Metformin and Weight Loss
Studies have shown mixed results on a possible link between weight loss and metformin. In most of the clinical studies, people taking metformin did report losing weight. However, the people in the studies who were not taking metformin also lost weight, and there was not a statistical difference between the two groups.
Metformin (Glucophage®) is a prescription medication licensed for the treatment of type 2 diabetes. The drug is commonly thought to cause weight loss, although studies have shown mixed results.
In most of the studies of metformin before it was approved, people on metformin lost weight (1.4 to 8.4 pounds on average). However, the people in these studies who were not taking metformin also lost weight. The difference between the groups was not significant, meaning that there was no statistical difference between the two groups. In these studies, people were taking metformin to treat type 2 diabetes. It is not known if metformin has any effect on weight in people who do not have diabetes.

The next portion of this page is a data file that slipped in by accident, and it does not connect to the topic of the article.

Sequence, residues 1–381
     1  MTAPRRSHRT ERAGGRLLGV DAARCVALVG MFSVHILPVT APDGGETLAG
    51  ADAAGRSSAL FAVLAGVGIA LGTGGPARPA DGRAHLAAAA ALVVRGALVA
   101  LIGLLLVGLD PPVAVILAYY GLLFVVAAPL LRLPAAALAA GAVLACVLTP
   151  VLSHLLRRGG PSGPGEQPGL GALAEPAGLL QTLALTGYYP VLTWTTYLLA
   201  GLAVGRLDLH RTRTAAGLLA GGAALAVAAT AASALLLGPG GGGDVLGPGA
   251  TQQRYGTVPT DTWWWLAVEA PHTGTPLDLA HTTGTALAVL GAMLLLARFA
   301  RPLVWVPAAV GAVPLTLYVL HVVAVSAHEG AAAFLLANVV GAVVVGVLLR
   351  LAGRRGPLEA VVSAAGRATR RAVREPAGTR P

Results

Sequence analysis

It is important to note that in most studies of metformin, people did not usually gain weight. Many other diabetes medications are known to cause weight gain, which is particularly undesirable for people with type 2 diabetes (who may already have problems with weight gain). So, even if metformin does not cause weight loss, it is often a good choice for overweight people with type 2 diabetes.
It is not entirely clear if metformin causes weight loss for most people with type 2 diabetes. At the very least, however, it seems that people taking metformin do not gain weight (a common problem with many other diabetes medications). It is not known if metformin has any effect on weight in people who do not have diabetes.